On the second day of the Hay-on-Thiru festival in Kerala, there’s a quiet moment that sums up something of the extraordinary spirit that drives the intellectual franchise known as the Hay festivals, wherever they are in the world.
The day’s events, readings and debates are done, a brief spell of Kerala rain has provided relief from the afternoon’s muggy heat, and out at Kovalam beach, the fellowship of writers are settling down to dinner. That’s when Peter Florence, director and founder of the Hay festivals, asks us all to raise a glass, and salute the release of Aung San Suu Kyi, Burmese dissident leader, from her 15 years of house arrest. There’s a brief moment of silence and celebration, a small space in the hectic whirl of the festival, as we contemplate the price one woman has paid for expressing dissent and for staying true to her values.
Over the three days of Hay-on-Thiru, small moments like this will recur. It happens when the fiery Tamil writer Charu Nivedita questions the way politicians operate in his part of the world, when Basharat Peer patiently explains to an audience on the other side of India how growing up in the besieged world of Kashmir might radicalise a teenager’s perspective, when the historian Simon Schama urges Barack Obama to hold to his ideals, when Tarun Tejpal, Meghnad Desai and others debate the harsh realities behind the India Shining myth.
“Do we really need two circus acts,” a somewhat jaded journalist asks at the start of Hay-on-Thiru. She’s referring to the Jaipur Literature Festival (JLF), which has spawned a host of smaller literary festivals in its wake, from Kovalam to the recent Bombay Lavasa festival. The similarities between Hay-on-Thiru and the JLF are obvious, heightened by the fact that they share a production team, and that one of the JLF directors, Namita Gokhale, is also an adviser for Hay. And while Jaipur is currently the larger “circus”, the Hay and Jaipur programmes have resonances: both festivals aim to be festivals of ideas as much as celebrations of literature, and both have a judicious mix of international and local Indian writers.
The local flavour is apparent at the Kannakkakunnu Palace, a sprawling, sleepy, chandelier-heavy mansion perched on top of a gentle hill. Sister Jesme, the nun whose autobiography rocked the Catholic world in Kerala, is thrilled to be photographed alongside the film star Mammooty; Shashi Tharoor and his wife Sunanda add their particular brand of glamour to the proceedings; and writers like Paul Zachariah and N S Madhavan draw large, and deeply engaged, audiences. But despite the bonhomie on the lawns, the appams-and-seer fish curry at lunch, and the Bob Geldof concert on the last evening where Sting makes a surprise appearance, Hay-on-Thiru has a more solemn feel to it than Jaipur’s garden-party atmosphere. Literature is serious business in Kerala, and Thiruvananthapuram likes a certain formality. Which doesn’t prevent Vikram Seth from delighting his audience with impromptu couplets and an instant haiku in honour of A Suitable Boy: “It is sixteen years on/ from that rather fat book/ I wrote.” Or Simon Schama from running elegantly through a historian’s alphabet (A for Afghanistan, B for Boston Red Sox, D for Decline and Fall) in a bravura performance. Globalisation and GM foods find a place alongside poetry readings; Bob Geldof makes an impassioned, articulate and relatively profanity-free argument for the necessity of development aid; and from Mexico and the Philippines, Jorge Volpi and Miguel Syjuco conduct a kind of jugalbandhi on post-colonialism.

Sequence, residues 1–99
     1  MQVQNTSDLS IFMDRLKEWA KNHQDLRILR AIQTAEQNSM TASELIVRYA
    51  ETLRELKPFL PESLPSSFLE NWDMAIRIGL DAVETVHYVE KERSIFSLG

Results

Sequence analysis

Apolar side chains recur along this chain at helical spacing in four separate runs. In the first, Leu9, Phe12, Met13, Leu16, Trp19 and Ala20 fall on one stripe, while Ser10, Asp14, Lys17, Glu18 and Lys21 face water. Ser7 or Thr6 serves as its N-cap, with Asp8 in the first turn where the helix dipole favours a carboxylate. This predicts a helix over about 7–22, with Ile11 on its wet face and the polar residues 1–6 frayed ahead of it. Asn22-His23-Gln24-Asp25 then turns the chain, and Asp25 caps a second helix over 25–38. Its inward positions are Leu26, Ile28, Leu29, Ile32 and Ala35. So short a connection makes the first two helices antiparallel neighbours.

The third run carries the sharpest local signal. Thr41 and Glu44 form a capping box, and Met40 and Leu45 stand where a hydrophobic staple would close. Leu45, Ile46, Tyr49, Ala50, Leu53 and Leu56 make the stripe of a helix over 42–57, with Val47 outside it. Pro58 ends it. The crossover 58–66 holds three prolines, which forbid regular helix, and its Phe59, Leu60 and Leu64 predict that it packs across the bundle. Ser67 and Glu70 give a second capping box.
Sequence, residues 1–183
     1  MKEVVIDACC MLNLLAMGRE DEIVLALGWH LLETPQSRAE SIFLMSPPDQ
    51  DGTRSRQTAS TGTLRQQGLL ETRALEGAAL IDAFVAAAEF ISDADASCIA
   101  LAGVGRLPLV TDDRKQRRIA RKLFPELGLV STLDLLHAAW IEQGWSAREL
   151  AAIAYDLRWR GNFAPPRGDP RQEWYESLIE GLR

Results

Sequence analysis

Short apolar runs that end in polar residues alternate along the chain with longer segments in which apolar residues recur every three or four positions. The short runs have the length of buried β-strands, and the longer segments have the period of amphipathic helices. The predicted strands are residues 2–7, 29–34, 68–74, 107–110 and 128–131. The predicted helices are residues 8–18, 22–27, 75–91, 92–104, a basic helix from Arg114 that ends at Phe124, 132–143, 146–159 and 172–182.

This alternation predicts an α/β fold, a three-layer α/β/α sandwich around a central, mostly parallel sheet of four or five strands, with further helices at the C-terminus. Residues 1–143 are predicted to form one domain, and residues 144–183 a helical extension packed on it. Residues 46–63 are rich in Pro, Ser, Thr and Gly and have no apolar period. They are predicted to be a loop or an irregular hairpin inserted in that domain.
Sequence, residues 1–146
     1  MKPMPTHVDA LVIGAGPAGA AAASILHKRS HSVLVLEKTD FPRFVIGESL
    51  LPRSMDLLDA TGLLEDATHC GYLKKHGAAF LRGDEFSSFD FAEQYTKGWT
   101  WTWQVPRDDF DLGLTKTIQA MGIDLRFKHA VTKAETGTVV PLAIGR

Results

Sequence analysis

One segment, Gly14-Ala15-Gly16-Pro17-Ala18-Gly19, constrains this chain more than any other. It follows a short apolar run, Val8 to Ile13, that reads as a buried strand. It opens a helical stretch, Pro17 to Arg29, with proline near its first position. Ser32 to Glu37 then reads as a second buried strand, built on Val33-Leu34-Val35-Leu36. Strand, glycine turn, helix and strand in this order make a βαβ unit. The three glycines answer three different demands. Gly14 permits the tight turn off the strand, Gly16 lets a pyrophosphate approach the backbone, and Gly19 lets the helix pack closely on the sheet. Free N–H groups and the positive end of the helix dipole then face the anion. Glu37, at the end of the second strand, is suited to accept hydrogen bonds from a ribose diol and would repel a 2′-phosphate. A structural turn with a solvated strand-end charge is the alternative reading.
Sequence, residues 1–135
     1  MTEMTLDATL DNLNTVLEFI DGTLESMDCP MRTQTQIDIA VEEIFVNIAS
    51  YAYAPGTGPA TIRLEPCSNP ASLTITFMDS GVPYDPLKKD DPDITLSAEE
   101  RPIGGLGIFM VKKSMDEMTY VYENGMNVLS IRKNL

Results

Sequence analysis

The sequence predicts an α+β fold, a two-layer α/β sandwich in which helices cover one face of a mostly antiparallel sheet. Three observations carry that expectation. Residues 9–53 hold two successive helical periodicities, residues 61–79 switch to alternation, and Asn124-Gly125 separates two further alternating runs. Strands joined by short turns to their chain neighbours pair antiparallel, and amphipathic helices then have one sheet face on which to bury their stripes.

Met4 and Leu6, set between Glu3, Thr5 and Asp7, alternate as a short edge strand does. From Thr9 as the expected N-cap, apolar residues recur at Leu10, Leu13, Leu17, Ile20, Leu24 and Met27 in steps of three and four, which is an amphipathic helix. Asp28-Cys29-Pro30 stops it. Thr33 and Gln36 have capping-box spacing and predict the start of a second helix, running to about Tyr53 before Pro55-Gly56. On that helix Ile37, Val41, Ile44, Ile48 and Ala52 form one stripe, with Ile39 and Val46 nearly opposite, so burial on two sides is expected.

There is, as there was in the first few years of Jaipur, ample room for conversation, and some of the best ones happen as writers find common ground in the quiet spaces in between sessions. The best part of the festival is the students, and the families who trail in from the DC Book Fair next door (where the chili pakoras and the kappa biryani were selling as briskly as the Che Guevara biographies). It is their curiosity and their intense questions that really make the sessions.
Hay-on-Thiru will find its identity and its audience over the next few years, and that may well yield, given the cultural differences between the North and the South of India, a slightly more formal festival — a gathering of writer’s clans rather than the dazzling circus of Jaipur. And if it does turn into a circus, I’m reminded of the young student who said: “We are hungry not just for books and reading, but for discussion. Here, we feel that we can listen, and we can also share what is on our minds.” That space deserves any number of circus tents, pitched anywhere in India.